[CentOS-devel] Question about generating a spin of CentOS 7
johnny at centos.org
Fri Oct 31 16:44:21 UTC 2014
On 10/31/2014 10:29 AM, Les Mikesell wrote:
> On Fri, Oct 31, 2014 at 10:10 AM, Johnny Hughes <johnny at centos.org> wrote:
>>> I can see
>>> situations where a self-contained one-step install would be better.
>>> Maybe the minimal install build could look for a 2nd partition on the
>>> iso or a mounted usb for a continuation script.
>> Yes, that is called a kickstart and anaconda is designed specifically to
>> allow you to pass one in .. either locally or on the web, etc. You
>> original install and be additive.
> I meant adding a standard place to look for the optional kickstart or
> post-install script to the stock minimal install. A person who would
> have trouble logging in and running a script after a base install
> would not find typing the kickstart command line much easier.
>> You can do whatever you want on YOUR OWN systems and call it whatever
>> you want. Anything you are smart enough to do.
> I thought that was the original context here. Someone needing a
> remote install of a customized system - by a person who shouldn't be
> making any of the choices the installer offers.
>> If you tried to redistribute that as CentOS (your clonezilla images, for
>> exampel), and say that it is official CentOS, well it is not. Official
>> CentOS is in the form that we release it, not some other form.
>> Especially not some other form where things are modified.
>> You can't modify Ubuntu or Debian or OpenSUSE either, and then
>> distribute it and call it either of those things either. This is why
>> Linux Mint is not Ubuntu and Ubuntu is not Debian ... but Linux mint is
>> 'based on Ubuntu' and Ubyntu is 'based on Debain'. This is not rocket
> Legalese is much worse than rocket science. Where does a VM image fit
> in this scheme? Can people build a VM image with an application
> installed for distribution and still identify the base system name?
> And if so, how/why is that different from any other copy?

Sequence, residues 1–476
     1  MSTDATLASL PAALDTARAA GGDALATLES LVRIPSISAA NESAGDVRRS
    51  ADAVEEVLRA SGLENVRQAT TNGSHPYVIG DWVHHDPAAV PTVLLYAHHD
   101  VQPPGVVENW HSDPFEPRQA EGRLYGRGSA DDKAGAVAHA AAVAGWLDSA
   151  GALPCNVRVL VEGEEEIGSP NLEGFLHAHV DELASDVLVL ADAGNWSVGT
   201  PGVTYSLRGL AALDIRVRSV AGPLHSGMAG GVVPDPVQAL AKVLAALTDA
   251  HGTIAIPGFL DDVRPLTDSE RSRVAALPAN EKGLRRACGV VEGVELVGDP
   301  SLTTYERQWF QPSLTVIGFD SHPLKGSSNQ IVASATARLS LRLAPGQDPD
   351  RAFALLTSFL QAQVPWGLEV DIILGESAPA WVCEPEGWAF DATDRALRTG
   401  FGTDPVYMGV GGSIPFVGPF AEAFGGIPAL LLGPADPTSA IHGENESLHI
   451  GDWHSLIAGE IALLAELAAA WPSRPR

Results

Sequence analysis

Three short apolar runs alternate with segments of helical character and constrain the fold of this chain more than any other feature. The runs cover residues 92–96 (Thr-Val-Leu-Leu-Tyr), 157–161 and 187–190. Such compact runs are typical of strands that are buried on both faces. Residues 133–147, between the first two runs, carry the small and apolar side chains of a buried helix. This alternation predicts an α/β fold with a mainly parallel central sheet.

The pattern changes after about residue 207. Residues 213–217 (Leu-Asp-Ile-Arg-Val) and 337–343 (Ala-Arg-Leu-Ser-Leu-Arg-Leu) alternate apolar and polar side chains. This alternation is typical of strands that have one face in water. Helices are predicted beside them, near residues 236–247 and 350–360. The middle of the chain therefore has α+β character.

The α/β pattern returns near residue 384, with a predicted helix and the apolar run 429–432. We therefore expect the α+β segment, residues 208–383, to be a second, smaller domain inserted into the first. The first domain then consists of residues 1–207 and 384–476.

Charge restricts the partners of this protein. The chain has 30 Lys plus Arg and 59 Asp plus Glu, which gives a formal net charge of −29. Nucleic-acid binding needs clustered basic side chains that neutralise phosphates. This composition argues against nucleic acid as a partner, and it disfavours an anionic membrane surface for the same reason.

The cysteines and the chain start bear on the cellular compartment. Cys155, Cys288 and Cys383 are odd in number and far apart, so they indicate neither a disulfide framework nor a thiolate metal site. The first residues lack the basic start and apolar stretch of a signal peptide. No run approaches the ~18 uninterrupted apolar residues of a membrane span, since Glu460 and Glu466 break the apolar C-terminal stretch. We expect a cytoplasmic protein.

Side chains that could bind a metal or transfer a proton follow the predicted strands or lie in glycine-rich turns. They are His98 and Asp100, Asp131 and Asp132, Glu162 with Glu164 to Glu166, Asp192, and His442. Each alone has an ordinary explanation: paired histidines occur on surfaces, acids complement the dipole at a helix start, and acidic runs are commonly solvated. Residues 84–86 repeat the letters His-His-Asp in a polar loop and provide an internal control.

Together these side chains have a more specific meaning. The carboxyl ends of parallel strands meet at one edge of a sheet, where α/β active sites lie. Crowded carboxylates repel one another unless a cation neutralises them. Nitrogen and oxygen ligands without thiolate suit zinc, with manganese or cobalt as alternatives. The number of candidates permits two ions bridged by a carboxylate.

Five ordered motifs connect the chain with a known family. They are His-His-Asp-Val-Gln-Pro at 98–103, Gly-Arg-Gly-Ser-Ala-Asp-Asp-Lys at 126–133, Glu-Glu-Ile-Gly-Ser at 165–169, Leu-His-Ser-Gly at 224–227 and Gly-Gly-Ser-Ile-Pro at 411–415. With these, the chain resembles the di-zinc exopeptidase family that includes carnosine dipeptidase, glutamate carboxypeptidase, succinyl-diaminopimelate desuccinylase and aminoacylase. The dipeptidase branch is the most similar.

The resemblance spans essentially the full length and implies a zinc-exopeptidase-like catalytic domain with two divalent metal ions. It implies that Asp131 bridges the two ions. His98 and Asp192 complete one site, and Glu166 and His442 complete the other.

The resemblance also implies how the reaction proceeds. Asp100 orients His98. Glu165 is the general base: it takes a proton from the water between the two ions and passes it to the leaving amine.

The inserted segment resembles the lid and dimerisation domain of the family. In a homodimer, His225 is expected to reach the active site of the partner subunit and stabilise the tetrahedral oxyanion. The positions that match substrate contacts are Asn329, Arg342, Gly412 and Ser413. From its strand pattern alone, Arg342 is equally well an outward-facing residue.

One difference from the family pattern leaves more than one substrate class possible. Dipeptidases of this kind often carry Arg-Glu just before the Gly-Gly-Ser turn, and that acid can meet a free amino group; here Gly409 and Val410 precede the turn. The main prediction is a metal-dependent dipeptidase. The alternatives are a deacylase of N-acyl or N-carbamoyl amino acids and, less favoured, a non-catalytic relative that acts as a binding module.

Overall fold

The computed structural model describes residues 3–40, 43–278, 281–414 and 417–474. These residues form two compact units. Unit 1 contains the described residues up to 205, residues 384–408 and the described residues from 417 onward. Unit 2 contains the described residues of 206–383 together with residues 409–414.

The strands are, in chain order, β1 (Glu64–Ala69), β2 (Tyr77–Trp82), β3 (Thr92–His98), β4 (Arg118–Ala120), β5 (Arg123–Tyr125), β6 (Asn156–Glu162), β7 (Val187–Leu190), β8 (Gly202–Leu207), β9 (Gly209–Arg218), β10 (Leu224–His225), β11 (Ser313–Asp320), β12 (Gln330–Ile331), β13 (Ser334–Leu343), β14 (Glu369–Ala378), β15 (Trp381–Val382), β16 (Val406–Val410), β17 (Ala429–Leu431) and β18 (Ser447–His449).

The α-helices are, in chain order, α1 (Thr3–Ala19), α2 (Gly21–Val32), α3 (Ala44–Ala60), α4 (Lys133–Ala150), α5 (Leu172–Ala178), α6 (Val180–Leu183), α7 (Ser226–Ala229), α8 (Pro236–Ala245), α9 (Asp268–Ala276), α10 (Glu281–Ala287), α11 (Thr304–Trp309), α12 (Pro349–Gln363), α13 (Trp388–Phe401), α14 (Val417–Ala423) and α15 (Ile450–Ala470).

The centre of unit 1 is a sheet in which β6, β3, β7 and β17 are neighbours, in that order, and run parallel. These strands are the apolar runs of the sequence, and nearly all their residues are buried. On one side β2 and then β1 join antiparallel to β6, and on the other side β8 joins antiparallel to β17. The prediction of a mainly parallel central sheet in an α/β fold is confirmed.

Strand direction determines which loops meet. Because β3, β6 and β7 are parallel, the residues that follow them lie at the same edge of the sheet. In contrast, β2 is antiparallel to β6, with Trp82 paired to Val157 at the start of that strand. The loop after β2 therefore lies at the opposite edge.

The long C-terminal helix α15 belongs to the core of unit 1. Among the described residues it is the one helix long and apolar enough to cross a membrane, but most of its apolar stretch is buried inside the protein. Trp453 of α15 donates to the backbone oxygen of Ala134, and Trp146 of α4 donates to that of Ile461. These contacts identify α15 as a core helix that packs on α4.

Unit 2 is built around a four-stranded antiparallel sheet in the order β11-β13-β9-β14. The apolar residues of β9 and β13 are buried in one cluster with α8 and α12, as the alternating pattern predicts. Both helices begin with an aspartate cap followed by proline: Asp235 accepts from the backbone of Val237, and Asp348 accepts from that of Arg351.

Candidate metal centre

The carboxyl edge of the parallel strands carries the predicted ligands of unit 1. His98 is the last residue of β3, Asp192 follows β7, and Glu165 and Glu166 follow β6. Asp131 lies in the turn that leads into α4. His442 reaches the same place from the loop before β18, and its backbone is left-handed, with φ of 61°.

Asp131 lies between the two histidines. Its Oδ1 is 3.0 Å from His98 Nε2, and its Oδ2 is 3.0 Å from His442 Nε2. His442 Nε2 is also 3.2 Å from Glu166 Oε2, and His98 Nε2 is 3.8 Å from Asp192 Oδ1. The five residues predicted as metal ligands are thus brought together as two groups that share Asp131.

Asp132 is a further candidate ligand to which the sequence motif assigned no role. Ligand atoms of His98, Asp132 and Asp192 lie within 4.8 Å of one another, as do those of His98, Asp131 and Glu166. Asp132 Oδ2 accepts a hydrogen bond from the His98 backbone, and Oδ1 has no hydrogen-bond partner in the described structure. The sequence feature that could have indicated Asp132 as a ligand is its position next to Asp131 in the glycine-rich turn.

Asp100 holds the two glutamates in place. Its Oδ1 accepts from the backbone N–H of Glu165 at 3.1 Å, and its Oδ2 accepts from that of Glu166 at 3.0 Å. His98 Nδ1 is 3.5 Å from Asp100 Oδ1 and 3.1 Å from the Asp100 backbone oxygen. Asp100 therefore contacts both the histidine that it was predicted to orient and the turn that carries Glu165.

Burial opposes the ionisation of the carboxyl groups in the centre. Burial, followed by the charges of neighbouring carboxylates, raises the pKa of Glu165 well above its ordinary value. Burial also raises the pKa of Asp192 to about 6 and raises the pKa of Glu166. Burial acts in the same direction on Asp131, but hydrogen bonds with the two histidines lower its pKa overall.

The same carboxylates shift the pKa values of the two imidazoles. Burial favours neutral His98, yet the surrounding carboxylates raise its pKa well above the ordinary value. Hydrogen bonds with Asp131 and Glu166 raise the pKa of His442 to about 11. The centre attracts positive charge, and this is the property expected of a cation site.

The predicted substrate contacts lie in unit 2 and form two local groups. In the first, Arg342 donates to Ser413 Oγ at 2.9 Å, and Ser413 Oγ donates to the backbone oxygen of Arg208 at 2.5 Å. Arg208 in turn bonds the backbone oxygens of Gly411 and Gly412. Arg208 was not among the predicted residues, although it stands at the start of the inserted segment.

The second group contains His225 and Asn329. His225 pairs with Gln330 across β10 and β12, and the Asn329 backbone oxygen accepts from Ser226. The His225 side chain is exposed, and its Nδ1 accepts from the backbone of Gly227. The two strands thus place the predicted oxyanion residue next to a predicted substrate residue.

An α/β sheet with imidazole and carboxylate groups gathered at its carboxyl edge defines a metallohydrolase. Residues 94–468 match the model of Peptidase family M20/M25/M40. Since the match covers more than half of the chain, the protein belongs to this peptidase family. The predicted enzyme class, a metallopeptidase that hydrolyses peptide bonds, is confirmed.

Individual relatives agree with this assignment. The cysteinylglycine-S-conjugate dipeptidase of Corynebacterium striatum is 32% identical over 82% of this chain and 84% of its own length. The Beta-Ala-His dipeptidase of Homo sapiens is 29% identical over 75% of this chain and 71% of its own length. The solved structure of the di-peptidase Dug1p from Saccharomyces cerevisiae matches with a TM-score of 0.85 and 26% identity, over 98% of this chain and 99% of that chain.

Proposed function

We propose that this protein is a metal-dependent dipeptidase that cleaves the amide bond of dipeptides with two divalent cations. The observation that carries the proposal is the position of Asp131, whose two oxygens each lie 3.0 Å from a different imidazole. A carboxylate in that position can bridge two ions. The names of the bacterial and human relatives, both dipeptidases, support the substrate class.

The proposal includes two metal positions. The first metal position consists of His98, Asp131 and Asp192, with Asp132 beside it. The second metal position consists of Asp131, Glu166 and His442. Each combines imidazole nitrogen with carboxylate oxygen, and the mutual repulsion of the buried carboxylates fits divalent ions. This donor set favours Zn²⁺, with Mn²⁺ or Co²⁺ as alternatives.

No, The CentOS team creates VMs and cloud images and distributes them.
Those are official. Things created by someone else are not official.
This is for YOUR protection.
Again, its simple. And it is the same for any distro, not just CentOS.
You can't create a Ubuntu VM, especially one that is modified and call
it Ubuntu and distribute it. Canonical can, you/we can't.
You can do anything you want on your local network though. (Create gold
images, deploy them, etc.) It is redistributing (and that means outside
your organization to the public) those that would be a problem.
Take Stella and Nux Dextop repo. Basically, Stella is CentOS with Nux
Dextop installed. He does not distribute that as CentOS, he distributes
it as Stella. It is based on CentOS. The Dextop repo is also available
to be installed on CentOS, if you want. Both result in similar packages
and work the same way. Both of those are perfectly fine.
It would not be fine for Nux to add the things onto a CentOS ISO and
rebuild that ISO and call it CentOS and redistribute that, because it is
not CentOS. He therefore calls it Stella and changes logos, etc.
You can give people CentOS ISOs and call that CentOS, you can use CentOS
to create 'Your Thing' and give that to people as 'Your Thing'. You
can't call 'Your Thing' CentOS. Why, because 'Your Thing' is not
actually CentOS. You can say 'Your Thing' is based on CentOS (if you
modified CentOS) .. or you can say 'Your Thing' runs on CentOS if you
distribute 'Your Thing' and an unmodified CentOS on the same media and
install it via a kickstart.
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